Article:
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How To Properly Stock Your Medicine Cabinet - On The Cheap!

Originally Posted: February 02, 2012

Teri Gault

You need to learn to “Stack the Deals.” (Courtesy Photo: whatisthetrend.net)

Southampton - Something got the best of me last night. By 3 a.m. my sniffles had turned into a full blown coughing miserable flu of some sort! But I won the battle - I was able to break open a brand new bottle of one dollar night time cough syrup, and slept like a baby! Yep you heard that right - only a dollar for brand name cough syrup regularly priced at about $7 or more. Just last week, I did my usual "investing" and stocked up on $42 worth of cold/flu meds for $5 and change, and THAT my friend, is the number one tip - Be an INVESTOR in over the counter meds, groceries, and everything else in life. Why wait until you need something and have to pay full price? And besides that, who wants to jump and run for cough syrup at 3 a.m.?

If you aspire to be an "investor" like me with a medicine cabinet filled for 75 percent off and even get free bottles of Ibuprofen, you need to learn to "Stack the Deals." We start with a sale and combine that with a manufacturer coupon either from the Sunday paper, or printed off the web. The next deal to add into a single purchase would be the "store coupon," which is usually found in the store's sales circular. And last but not least, "Instant Rebates." Drugstores have them and so do supermarkets. Some come out of the register to be used like cash on a future purchase, and some just come off the total! Sweet! So, in review, yes, you can stack the deals and you should. On a single item for your medicine cabinet, you may stack in: sale + manufacturer coupon + store coupon + instant rebate = BIG savings, a/k/a.,a $7 bottle of cough syrup for a buck - or even free.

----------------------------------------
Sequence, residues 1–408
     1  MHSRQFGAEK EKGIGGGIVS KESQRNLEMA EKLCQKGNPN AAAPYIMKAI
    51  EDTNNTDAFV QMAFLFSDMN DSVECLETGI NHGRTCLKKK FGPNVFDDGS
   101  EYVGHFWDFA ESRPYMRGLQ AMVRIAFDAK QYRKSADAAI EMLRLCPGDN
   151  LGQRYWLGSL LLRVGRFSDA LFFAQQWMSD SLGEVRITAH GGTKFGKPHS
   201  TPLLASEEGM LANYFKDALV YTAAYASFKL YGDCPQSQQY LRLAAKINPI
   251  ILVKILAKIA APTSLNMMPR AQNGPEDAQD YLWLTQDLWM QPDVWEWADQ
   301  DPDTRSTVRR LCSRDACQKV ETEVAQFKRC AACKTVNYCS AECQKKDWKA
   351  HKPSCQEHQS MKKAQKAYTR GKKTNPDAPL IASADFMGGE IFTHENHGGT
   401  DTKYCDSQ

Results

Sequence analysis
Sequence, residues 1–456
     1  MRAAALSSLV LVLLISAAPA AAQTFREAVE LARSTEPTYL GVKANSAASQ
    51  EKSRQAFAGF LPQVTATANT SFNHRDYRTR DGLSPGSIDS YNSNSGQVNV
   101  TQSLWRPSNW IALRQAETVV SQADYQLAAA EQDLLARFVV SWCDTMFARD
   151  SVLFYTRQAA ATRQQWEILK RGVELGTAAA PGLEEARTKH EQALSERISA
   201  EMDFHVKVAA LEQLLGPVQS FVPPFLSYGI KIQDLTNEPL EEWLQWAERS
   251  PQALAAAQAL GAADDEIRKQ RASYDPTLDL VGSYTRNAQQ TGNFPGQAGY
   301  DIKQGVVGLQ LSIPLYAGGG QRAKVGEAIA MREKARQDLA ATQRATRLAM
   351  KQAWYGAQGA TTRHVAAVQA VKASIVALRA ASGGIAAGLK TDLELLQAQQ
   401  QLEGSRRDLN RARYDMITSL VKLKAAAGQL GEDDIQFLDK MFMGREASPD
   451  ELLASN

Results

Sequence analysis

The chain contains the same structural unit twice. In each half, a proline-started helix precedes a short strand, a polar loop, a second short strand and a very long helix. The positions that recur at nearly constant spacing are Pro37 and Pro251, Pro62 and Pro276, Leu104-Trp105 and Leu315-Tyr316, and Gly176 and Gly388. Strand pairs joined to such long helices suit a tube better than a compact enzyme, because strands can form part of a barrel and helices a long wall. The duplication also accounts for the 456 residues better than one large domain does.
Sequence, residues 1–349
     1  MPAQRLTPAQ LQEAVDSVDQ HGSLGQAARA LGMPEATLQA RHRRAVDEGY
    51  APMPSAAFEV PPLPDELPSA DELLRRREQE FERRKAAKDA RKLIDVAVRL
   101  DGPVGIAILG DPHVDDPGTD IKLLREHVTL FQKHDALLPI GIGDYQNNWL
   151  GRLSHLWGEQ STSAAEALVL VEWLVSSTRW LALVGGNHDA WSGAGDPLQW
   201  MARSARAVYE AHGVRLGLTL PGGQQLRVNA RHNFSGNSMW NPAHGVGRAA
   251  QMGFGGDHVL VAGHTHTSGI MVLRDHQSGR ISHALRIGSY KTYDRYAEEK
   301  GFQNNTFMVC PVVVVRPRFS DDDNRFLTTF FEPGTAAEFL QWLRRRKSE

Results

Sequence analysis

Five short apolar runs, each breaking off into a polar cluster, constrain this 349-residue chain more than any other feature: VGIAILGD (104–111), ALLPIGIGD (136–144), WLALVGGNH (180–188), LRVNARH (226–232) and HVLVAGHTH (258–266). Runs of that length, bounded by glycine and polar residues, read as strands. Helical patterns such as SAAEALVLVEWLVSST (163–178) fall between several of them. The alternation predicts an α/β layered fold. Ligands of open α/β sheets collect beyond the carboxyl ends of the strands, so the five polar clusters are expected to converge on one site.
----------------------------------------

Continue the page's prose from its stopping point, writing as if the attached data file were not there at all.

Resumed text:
The next step is to play your coupons like a card shark. The best deal stacking doesn't usually involve using a coupon the week it came out in the paper. Most of the deals that Grocery Gamers cash in on every week are stacked up with Sunday paper coupons from weeks or months past. That's because the week you get the coupon for antibiotic ointment may not be the week that the tube is on sale. But don't despair. It all comes together. Most coupons have an expiration date of about three months out. At some point, a sale will hit, and that's when you make your move!

The sales circular can be a good place to start, but don't miss unadvertised sales, especially at the supermarket. Some of the best deals on OTC meds are not advertised, and typically, those are the free ones. The freebies at the supermarket usually happen when you use the coupon on the smallest size permissible, and when it's on sale. When the 50 count Ibuprofen goes on sale for $2, and there's a coupon for $2, that makes it free! And that little bottle comes in handy in your purse too! My medicine cabinet is a trophy case of free aspirin, acetaminophen, and more, mostly unadvertised sales at the supermarket combined with a coupon. By the way, 62 percent of the deals at www.TheGroceryGame.com are unadvertised - so go get 'em!

For all of the above reasons, don't expect to fill your medicine cabinet for 75 percent off all in one week. As an "investor" in discounted OTC meds, you'll be buying as you see the deals, some this week, some next week, and so on. The number one rule is to buy low, which is usually before you actually need it!



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